CFL News
October 05, 2011

Aldermen Seek to Route TIF Funds to Schools

A group of aldermen Tuesday proposed an ordinance that would force the city to pour funds from special taxing districts into the city's cash-strapped public schools.

Source: Chicago News Cooperative

By Rebecca Vevea

With the Chicago Teachers Union and parents’ groups calling for Mayor Rahm Emanuel to pour funds from special taxing districts into the city’s cash-strapped public schools, a group of aldermen Tuesday proposed an ordinance that would force the city to do just that.

If passed, the Responsible Budget Ordinance would require the city to release 50 percent of the total amount of unallocated funds in tax-increment-financing, or TIF, districts that have more than $5 million in surplus funds at the end of each fiscal year.

“The day of reckoning on these TIFs has come,” said Ald. Robert Fioretti (2nd Ward) Tuesday at a news conference announcing plans to propose the ordinance.

An estimated $500 million of so-called surplus money sits in the city’s coffers in the form of taxes collected in TIF districts that has not yet been spent in them, Ald. Scott Waguespack (32nd), the ordinance’s sponsor, said Tuesday. City spokeswoman Kathleen Strand said the city does not yet have an estimate for whether a surplus of TIF funds could be declared when the year ends.

The measure–which the teachers union promoted in closed-door meetings with aldermen on Monday–faces long odds in the City Council. Ald. Patrick O’Connor (40th), Emanuel’s unofficial floor leader, said he is not sold on the idea of declaring TIF surpluses. The CTU has not proved the school district has been denied any money, he said.

Ald. Deborah Graham (29th) said Monday that she doubted the ordinance would pass the council.

Emanuel has dismissed the idea of declaring a TIF surplus, saying that he favors long-term solutions and not one-time fixes for the school district’s deficit.

Under the current system, TIF money is exclusively earmarked for capital projects, such as new construction and renovation. The city can use TIF funds for operational costs such as teacher salaries only after the mayor declares a surplus or the TIF district expires.

In 2010, then-mayor Richard M. Daley declared a TIF surplus for the first time since the city began using TIFs, returning $123 million to the city’s public schools. The school district has budgeted to spend that money in its current fiscal year.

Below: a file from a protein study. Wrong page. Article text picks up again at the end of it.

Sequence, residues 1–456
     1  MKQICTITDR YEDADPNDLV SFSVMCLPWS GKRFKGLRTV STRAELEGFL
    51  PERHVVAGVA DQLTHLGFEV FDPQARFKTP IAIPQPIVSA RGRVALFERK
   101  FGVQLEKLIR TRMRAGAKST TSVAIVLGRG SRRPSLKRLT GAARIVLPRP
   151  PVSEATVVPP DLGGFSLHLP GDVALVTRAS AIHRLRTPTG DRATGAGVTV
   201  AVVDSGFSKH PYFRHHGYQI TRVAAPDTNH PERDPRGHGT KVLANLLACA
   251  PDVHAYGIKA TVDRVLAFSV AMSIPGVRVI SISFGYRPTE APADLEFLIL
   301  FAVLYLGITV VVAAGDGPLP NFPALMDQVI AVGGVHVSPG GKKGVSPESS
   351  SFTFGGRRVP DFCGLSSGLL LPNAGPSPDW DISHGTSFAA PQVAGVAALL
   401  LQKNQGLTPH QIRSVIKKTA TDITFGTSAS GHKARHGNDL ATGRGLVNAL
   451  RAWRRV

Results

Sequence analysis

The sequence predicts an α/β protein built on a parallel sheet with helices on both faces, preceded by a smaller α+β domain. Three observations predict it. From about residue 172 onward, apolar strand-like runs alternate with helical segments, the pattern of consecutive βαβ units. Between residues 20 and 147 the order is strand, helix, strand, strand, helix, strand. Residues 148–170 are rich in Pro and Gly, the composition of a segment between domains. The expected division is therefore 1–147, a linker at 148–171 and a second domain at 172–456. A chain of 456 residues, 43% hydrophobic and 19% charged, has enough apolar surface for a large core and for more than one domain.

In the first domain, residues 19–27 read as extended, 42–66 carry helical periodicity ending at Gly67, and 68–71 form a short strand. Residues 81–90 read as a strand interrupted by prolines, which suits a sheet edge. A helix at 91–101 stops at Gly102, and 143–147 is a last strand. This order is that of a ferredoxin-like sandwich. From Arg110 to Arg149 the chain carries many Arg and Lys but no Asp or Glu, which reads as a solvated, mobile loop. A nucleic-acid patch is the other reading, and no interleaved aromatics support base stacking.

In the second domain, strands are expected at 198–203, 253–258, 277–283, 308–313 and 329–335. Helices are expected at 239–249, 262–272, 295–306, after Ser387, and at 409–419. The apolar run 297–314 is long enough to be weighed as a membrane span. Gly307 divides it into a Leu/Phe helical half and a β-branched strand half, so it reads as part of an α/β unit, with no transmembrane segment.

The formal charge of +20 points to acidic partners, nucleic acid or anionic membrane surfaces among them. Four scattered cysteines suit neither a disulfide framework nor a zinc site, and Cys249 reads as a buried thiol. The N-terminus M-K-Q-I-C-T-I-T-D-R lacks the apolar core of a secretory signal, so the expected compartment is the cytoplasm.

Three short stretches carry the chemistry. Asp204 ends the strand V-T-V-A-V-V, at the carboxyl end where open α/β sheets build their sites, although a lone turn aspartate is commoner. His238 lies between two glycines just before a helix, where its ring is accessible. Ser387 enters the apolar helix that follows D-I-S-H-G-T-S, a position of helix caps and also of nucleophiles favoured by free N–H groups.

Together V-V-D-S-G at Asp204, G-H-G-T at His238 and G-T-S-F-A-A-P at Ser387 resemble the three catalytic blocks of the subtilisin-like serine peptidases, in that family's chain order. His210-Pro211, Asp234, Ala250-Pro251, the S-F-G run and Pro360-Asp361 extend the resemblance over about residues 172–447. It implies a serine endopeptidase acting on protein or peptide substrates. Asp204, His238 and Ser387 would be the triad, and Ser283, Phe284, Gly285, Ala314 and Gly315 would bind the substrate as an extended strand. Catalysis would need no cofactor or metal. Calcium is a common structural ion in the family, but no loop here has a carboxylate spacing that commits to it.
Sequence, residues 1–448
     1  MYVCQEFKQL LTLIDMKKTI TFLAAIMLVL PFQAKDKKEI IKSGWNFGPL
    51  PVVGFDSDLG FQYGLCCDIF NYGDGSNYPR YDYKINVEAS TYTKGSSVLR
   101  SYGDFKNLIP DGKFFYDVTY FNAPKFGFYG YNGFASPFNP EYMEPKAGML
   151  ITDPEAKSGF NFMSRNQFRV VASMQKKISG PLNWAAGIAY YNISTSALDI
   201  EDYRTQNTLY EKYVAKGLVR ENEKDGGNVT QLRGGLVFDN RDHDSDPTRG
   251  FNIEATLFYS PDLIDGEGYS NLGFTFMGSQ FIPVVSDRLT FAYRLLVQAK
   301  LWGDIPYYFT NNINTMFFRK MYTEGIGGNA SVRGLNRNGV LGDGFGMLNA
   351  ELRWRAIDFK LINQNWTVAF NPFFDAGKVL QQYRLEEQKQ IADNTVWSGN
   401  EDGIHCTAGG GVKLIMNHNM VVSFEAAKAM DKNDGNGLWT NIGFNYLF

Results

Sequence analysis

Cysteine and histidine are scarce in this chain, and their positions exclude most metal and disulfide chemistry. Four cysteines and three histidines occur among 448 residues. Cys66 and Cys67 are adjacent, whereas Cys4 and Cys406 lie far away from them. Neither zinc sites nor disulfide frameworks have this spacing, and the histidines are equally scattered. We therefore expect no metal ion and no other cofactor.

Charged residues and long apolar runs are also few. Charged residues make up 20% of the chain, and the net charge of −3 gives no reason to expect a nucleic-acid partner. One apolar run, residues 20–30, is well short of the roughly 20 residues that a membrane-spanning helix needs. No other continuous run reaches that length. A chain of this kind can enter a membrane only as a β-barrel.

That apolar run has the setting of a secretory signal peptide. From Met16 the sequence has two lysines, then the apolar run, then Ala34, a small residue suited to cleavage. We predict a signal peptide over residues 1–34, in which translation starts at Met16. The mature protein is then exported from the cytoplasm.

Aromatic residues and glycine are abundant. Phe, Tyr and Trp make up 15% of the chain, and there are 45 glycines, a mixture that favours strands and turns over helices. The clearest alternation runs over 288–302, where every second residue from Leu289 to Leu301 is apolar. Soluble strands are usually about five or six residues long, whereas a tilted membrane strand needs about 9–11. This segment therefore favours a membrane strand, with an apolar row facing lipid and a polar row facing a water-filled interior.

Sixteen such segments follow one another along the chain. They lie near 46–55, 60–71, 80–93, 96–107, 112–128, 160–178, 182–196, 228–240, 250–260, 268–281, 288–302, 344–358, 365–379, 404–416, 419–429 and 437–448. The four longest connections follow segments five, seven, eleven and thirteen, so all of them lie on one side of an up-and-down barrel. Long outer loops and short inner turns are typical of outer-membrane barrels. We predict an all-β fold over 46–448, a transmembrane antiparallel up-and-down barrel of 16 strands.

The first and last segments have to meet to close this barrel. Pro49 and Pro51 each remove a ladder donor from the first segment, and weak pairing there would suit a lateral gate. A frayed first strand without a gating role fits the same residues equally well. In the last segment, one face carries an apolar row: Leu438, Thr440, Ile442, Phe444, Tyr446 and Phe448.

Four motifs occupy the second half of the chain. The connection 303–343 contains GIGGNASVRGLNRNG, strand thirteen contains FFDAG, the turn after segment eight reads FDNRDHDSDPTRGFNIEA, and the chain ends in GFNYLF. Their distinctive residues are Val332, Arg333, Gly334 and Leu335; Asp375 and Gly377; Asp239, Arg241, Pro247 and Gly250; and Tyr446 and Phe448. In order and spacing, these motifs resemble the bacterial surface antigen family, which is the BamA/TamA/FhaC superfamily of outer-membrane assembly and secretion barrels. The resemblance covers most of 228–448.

Over the past 10 years, TIF revenues have generally exceeded expenditures, allowing balances to accumulate, according to the city’s Annual Financial Analysis.

The city began using TIF in 1984 to spur economic development in blighted or declining areas. Once the city designates an area as a TIF district, the amount of property taxes that the city, county, schools and other local governments can collect from it is frozen for 23 years. Any new tax revenue generated from rising property values — the tax increment — is collected by the city and must be spent within the district or in a bordering one.

The CTU and community groups have called for Emanuel to declare a TIF surplus and disperse some of the money to the schools. Chicago Public Schools recently closed a $712 million deficit for the upcoming school year in part by withholding a 4 percent contractual raise for teachers, setting off an ongoing dispute between the union and the City Hall-controlled school system.

Waguespack plans to introduce the surplus ordinance at Wednesday’s City Council meeting and he said 15 aldermen have agreed to support it, including seven who appeared with him at Tuesday’s news conference: John Arena (45th), Will Burns (4th), Fioretti, Toni Foulkes (15th), Joe Moore (49th), Proco “Joe” Moreno (1st) and Nicholas Sposato (36th).

On Monday, Carole Brown, a member of Emanuel’s “TIF Reform Panel,” in a presentation to the council’s budget committee recommended the city should declare between 20 percent and 30 percent of uncommitted funds from TIF districts as surplus.

O’Connor said the call for spending surpluses is based on an inaccurate assumption that schools are not getting all they are entitled to from the city’s tax levy.

“Quite frankly, I don’t think they understand they’re gotten every dime that they put forth in a tax levy,” he said. “They’re never been deprived of any money, so it’s kind of an argument, for me, falls on deaf ears.”

The Chicago Board of Education raises money from taxpayers by setting a levy on properties in the city. Bill Vaselopulos, the tax extension manager in the Cook County Clerk’s office, pointed out that TIF districts do not deprive the schools of their total tax levy. That is because property owners outside of TIF districts pay more in order to make up for the taxes withheld by the city from the properties inside the districts.

Even if the city did release surplus TIF revenue, it would still not be enough to cover the school district’s systemic financial deficits, analysts warn.

“TIF is not the answer to Chicago Public Schools’ financial problems,” said Laurence Msall, president of the government watchdog The Civic Federation. “There’s not enough money in the entirety of TIFs to offset those costs.”

Moore, the 49th Ward alderman, acknowledged that revenue from TIF surpluses alone is not enough, but he said the city could ease the cash crunch faced by city agencies if it would release money already collected from taxpayers, but not earmarked for use.

“It’s not a cure all, but it will help close the gap,” Moore said. “Those dollars are there. Let’s put them to good use.”

Hunter Clauss contributed reporting.

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